From School Library Journal
Kindergarten-Grade 5–This story takes an interesting slant on an important topic. A young narrator describes different examples of bullying that she witnesses at school and on the bus, but remains silent. One day, when her friends are absent, she must sit alone in the cafeteria, and several students make jokes at her expense. In addition to feeling angry about being treated this way, the girl is frustrated with the other kids who look on sympathetically but say nothing. She is then able to empathize with other victims. The next day, she approaches a quiet girl who is often teased and finds a new friend. As well as demonstrating different examples of bullying, the author gradually but clearly illustrates that being a silent bystander contributes to the problem. Points are made quickly and simply, and the narrative has a natural flow that immediately draws readers in. Back pages include topics for discussion, practical and proactive advice for kids who are being targeted, and some good Web sites. The realistic watercolor illustrations depict busy school life and represent a diverse population. Emotions are portrayed beautifully through facial expression and body language. Suitable for independent reading or for sharing aloud, this book can be used in a classroom environment to set the stage for important dialogue about this universal and ageless issue.–Corrina Austin, Locke's Public School, St. Thomas, Ontario, Canada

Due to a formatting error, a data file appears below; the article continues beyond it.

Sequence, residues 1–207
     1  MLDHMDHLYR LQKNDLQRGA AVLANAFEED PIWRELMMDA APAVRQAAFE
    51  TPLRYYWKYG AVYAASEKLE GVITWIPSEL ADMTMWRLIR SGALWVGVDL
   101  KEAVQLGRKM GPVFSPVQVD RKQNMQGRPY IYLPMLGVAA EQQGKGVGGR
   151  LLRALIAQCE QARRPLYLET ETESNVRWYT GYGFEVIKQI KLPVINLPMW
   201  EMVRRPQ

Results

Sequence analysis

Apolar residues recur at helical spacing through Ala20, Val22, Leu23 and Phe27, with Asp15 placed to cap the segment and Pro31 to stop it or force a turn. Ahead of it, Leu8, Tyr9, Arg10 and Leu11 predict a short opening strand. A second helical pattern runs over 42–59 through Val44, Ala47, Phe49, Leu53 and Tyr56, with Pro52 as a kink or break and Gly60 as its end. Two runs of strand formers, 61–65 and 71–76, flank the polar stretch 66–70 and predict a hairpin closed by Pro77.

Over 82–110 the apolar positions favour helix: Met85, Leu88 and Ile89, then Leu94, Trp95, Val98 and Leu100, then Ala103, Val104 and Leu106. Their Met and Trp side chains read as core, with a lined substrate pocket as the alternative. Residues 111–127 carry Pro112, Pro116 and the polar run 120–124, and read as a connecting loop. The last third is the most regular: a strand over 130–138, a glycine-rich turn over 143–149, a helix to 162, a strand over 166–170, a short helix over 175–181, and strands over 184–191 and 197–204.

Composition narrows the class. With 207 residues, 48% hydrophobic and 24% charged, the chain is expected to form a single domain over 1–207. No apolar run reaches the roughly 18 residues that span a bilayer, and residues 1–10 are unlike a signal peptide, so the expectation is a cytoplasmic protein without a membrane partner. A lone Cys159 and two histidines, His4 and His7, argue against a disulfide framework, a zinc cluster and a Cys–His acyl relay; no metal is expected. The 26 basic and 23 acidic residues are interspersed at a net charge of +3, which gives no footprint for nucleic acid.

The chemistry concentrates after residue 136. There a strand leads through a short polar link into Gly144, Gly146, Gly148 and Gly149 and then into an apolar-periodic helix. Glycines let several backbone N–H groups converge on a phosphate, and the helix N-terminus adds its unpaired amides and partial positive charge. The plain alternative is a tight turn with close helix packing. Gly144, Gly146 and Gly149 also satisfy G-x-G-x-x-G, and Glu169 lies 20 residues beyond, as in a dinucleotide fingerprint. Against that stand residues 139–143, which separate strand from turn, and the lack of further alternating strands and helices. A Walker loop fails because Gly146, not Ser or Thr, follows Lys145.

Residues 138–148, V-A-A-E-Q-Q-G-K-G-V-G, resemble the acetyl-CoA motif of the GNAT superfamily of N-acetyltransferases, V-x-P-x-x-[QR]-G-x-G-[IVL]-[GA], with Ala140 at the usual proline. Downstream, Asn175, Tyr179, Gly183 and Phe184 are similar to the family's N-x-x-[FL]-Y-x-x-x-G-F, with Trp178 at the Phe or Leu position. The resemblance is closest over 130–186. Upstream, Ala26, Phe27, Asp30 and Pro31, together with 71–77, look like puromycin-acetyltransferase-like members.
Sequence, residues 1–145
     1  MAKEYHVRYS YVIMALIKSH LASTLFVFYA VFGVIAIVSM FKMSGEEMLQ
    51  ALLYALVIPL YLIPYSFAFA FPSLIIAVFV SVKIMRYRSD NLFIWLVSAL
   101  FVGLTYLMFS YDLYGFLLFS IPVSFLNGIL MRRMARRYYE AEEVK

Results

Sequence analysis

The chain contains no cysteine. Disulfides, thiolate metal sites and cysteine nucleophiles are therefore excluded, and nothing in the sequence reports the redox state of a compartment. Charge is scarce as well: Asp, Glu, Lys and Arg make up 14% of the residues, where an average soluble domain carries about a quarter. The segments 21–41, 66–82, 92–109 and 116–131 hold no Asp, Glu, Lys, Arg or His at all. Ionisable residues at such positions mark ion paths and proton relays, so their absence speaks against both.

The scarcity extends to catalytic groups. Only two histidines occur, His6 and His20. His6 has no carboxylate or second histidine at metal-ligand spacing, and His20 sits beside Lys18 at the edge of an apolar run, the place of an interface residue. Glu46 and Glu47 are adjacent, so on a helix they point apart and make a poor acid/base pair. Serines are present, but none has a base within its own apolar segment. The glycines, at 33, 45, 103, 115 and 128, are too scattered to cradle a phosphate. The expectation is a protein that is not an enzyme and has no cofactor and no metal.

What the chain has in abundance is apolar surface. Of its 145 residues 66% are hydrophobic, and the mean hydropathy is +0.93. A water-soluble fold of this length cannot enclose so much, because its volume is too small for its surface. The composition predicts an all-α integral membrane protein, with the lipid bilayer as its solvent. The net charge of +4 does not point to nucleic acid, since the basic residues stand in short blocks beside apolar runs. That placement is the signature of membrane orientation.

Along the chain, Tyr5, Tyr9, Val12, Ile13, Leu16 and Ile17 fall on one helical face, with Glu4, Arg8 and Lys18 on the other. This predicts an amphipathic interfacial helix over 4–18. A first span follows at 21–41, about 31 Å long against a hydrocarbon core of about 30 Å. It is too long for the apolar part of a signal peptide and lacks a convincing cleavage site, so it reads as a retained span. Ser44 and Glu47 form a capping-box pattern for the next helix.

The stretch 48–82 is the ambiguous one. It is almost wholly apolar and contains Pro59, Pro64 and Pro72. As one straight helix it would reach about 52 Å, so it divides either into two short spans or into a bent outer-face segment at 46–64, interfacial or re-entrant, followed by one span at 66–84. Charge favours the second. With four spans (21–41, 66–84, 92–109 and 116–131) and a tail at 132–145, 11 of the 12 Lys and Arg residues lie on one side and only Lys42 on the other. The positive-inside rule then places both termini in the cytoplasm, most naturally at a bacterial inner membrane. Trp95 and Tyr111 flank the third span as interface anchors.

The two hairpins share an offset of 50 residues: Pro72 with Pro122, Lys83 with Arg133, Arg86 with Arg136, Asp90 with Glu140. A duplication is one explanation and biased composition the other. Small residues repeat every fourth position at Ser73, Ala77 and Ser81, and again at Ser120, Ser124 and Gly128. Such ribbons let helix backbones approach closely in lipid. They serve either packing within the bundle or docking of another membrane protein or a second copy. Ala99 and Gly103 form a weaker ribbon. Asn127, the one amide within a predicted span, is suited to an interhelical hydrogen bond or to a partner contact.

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K-Gr. 3 Can one person make a difference? Moss' obviously didactic book, which seems designed for group discussion about bullying, focuses on the role of the bystander, a girl who sees the sadness of the victim but does nothing ("I walk on the other side of the hall. I don't say those things"). Realistic, lively watercolor illustrations show the child in a diverse school community, where kids are picked on and called names for being slow or different. The girl feels sad for them, but she looks away--until one day, when she is alone, the bullies make her cry, and her friends do nothing. The dramatic climax is quiet: the girl reaches out to a child who always sits alone on the bus, and the children have fun together. This is one of the best of the recent books for discussion about teasing; its direct, first-person narrative and informal portraits bring close classroom, hallway, and schoolyard scenarios for kids and adults to talk about. Hazel RochmanCopyright © American Library Association. All rights reserved
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